Editor Tim de Lisle is critical of Chairman of the Selectors, David Graveney : when first appointed, he was ‘genial, decent and modern-minded, in deliberate contrast to his predecessor, Raymond Illingworth’ (‘modern-minded’ might be pushing it, but Illingworth would be justified in taking umbrage at the other two), but had turned out to be, as the headline puts it ‘a Grav Disappointment’, largely, one gathers, because he had dropped Mark Ramprakash.

Others diagnose deeper causes. Alan Lee, interviewing Graham Gooch (who had just been sacked as a selector) reports his view that ‘the county game … must bear heavy responsibility for England’s decline’ ; ‘if the people who control the game – and that’s the 18 counties – really want to have a strong Test side, everything has to be designed to bring that about … The key is to have fewer players on county staffs.’ This theme is developed in a feature entitled, with a Blairish nod to Martin Luther King, ‘I Have a Dream’, which presents ‘three radical solutions’ to the ‘England crisis’.

The first is by Bob Willis (alive when I began to write this), who, quixotically, traces ‘the root of the problem’, back to the abolition of amateur status, which, he feels, discourages those who ‘have better things to do with their lives’ than play full-time cricket, whereas those who do ‘join the ranks of this clapped-out army’ (of County cricketers) ‘quickly kowtow to the system which hatches [a nice period touch, this] Gameboy and personal-stereo addicts, and mollycoddles the boring and uncommunicative.’ So far, so cranky, but what he goes on to say is more in tune with the reformist zeal of the period. He proposes :

  • The abolition of the First Class Forum : instead the government should appoint a ‘board of directors to oversee a change from self-interested and parochial county-led administration
  • The Counties should be split into three divisions, playing ten first-class matches a season, with the players to be provided from ‘fiercely competitive premier leagues around the country’.
  • The only full-time professionals would be an ‘elite national squad of about 24’ cricketers.

He ends by hoping that ‘Kate Hoey … could galvanise this project and be remembered as the sports minister who saved cricket’ (not, perhaps, what she will be primarily remembered for).

If Willis is Dantonesque, the next contributor, Christopher Lane, who was then Managing Director of WCM, goes the full Robespierre, scarcely less incandescent with rage than my Derby-based neighbour at the Oval. His piece ‘Abolish the County Pro’ is a locus classicus of the kind of visceral hatred for the county game that seems to have animated so many of those with a professional interest in cricket.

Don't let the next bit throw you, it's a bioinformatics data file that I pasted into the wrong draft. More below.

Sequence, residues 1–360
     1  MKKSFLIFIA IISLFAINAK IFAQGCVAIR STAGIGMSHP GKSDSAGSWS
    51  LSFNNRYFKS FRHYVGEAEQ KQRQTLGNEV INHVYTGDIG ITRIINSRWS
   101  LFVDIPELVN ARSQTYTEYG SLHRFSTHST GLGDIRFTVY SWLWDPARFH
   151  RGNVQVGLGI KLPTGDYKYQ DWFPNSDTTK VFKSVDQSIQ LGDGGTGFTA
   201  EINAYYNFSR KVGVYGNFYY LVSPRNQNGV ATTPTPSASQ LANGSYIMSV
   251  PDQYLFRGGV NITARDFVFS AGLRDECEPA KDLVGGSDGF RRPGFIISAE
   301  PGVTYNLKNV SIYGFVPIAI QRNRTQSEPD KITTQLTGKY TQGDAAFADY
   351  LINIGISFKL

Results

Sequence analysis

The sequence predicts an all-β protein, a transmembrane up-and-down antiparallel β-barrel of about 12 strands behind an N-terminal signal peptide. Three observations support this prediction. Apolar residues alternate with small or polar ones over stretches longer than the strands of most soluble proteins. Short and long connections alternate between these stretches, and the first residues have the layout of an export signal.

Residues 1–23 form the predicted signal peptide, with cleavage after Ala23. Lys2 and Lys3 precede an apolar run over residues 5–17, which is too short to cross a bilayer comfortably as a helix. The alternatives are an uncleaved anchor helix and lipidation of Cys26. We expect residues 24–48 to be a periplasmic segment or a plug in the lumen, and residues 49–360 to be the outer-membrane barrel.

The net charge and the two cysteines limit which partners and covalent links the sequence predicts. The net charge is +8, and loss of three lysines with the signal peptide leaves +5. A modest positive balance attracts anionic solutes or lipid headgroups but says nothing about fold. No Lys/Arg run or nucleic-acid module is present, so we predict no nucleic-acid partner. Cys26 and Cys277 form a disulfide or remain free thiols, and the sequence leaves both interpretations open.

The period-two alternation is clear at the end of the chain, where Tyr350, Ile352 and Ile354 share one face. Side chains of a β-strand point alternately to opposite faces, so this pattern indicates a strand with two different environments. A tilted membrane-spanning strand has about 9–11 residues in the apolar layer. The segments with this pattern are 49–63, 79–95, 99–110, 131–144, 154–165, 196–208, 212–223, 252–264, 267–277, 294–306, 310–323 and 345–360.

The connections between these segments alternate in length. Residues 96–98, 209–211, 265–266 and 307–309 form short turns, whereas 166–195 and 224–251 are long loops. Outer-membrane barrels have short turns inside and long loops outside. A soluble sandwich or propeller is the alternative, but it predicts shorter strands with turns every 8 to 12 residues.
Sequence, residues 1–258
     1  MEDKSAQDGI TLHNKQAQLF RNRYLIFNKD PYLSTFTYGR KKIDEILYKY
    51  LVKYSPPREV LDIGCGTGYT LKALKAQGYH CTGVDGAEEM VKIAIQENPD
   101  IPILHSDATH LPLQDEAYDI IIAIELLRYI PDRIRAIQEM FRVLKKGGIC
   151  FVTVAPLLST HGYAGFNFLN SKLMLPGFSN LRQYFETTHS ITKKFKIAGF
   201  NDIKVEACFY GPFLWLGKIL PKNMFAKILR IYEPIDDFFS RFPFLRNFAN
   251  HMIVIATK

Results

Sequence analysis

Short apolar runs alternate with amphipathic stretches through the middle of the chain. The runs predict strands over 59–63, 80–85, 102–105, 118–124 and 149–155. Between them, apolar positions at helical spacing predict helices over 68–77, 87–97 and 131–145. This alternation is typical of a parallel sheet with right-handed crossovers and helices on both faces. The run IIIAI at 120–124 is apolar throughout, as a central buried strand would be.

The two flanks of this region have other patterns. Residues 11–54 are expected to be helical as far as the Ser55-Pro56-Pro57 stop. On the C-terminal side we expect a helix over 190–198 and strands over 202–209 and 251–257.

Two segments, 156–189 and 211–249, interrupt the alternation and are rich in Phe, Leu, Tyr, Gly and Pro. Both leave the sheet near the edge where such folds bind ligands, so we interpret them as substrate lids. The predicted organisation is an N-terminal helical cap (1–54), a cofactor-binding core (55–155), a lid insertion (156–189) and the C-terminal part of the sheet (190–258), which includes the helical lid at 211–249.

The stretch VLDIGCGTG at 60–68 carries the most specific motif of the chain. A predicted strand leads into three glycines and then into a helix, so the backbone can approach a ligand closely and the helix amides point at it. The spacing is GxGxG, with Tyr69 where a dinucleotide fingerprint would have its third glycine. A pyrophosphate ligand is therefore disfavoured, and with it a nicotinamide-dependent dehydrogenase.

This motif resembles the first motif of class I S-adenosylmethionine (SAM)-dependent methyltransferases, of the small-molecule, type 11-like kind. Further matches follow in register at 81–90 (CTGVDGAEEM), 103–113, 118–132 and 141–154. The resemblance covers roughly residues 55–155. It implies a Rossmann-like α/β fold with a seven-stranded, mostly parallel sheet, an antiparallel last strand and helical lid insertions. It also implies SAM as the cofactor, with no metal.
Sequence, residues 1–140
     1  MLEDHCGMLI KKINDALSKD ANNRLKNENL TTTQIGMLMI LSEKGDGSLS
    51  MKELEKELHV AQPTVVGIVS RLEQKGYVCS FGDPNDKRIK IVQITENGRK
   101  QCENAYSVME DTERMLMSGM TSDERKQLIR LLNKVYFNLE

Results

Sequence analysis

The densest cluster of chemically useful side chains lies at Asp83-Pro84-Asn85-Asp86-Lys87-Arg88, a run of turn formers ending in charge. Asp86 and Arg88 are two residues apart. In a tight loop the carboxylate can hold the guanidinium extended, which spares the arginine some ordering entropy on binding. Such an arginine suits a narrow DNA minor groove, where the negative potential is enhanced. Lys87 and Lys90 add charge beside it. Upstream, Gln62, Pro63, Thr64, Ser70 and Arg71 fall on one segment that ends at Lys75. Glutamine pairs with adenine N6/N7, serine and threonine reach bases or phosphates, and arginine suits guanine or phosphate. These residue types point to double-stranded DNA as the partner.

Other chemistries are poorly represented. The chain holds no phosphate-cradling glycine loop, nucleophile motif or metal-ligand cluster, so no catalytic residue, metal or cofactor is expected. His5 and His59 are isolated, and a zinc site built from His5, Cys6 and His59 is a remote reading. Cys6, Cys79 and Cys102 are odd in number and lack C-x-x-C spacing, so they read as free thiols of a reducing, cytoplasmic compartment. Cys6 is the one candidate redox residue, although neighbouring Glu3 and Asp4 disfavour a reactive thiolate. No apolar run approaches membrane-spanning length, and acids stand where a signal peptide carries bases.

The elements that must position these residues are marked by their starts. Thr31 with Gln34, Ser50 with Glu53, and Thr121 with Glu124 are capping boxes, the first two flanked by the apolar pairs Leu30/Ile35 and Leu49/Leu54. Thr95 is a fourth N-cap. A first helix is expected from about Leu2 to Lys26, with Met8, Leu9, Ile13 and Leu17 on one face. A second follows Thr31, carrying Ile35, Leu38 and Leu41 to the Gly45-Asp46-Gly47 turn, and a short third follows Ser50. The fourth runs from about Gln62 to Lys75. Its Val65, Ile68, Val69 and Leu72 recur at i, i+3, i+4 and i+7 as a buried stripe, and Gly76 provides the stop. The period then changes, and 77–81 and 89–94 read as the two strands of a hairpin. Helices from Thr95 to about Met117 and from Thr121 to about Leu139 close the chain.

‘County cricket is an infectious disease, which quickly takes its debilitating grip on any young player who strays into its contaminated zone. Its mediocrity is not a symptom, but the cause of all the problems in English cricket. The 18 counties have ultimate control of every major aspect of English cricket, and as they will never contemplate culling themselves to eight or fewer, the only chance that English cricket has is for the top current players … to be divorced from county cricket.’

To achieve this, he proposes :

  • Five first-class teams, playing eight four-day games a year.
  • These teams to be made up of 55 professionals, contracted to ‘the controlling body’, 15 making up the senior squad, the others young players at an English Cricket Academy.

Unfortunately, he thinks, the counties are unlikely to give up ‘claiming the subsidies which provide a crutch to allow their hopeless businesses to struggle on’, which would ‘instantly produce a natural cull of their numbers’, and ‘more likely, county cricket will survive to clamp England at the bottom of the rankings for years to come. There is a narrow tunnel out of here. But is anyone prepared to grasp the nettle and lead the way?’ (perhaps grasping a torch might have been more useful).

Just in case we haven’t got the point, the third ‘radical solution’ is entitled ‘Merge the Counties’, in which John Brown (at the time the publisher of Viz and numerous in-house magazines, later the Chairman of the Wisden Group), ‘takes a businessman’s approach’. This would involve reducing ‘the number of professional teams to ten, merging eight adjacent pairs such as Nottinghamshire and Derbyshire’, playing nine games a season (‘admittedly diehard members might be put off, but they should be cancelled out by new fans attracted to the higher standard of cricket’). He also cheerfully admits (a true ‘businessman’s approach’) that ‘half the professionals in the game – from ground-staff to administrators – would lose their jobs, but this would be better than all of them over a longer period of time. Obviously … there would be many disgruntled people, but not nearly as many as there will be when the county game disappears into oblivion – which it will over the next 20 years if it does nothing to revitalise itself’.

Elsewhere in the magazine the dramatis personae of the next decade are beginning to emerge, like daffodil shoots in Winter. Michael Vaughan and Andrew Flintoff (both classed as ‘batsmen who bowl’) are in the tour party for South Africa, as, a premature shoot, is Graeme Swann ; Ashley Giles is in the one-day squad ; Trescothick and Harmison (lauded as ‘very lively’ by Martin Bicknell) are in the A team. In Middlesex’s county notes Andrew Strauss is described by Mike Gatting as a ‘youngster’, who ‘needs more time to get up to speed’ ; a 17-year-old Ian Bell made a reasonable showing for the England U-19s against Australia. It is noted, in passing, that Duncan Fletcher, ‘who officially starts as coach in October’ helped to select the England side for the Oval Test.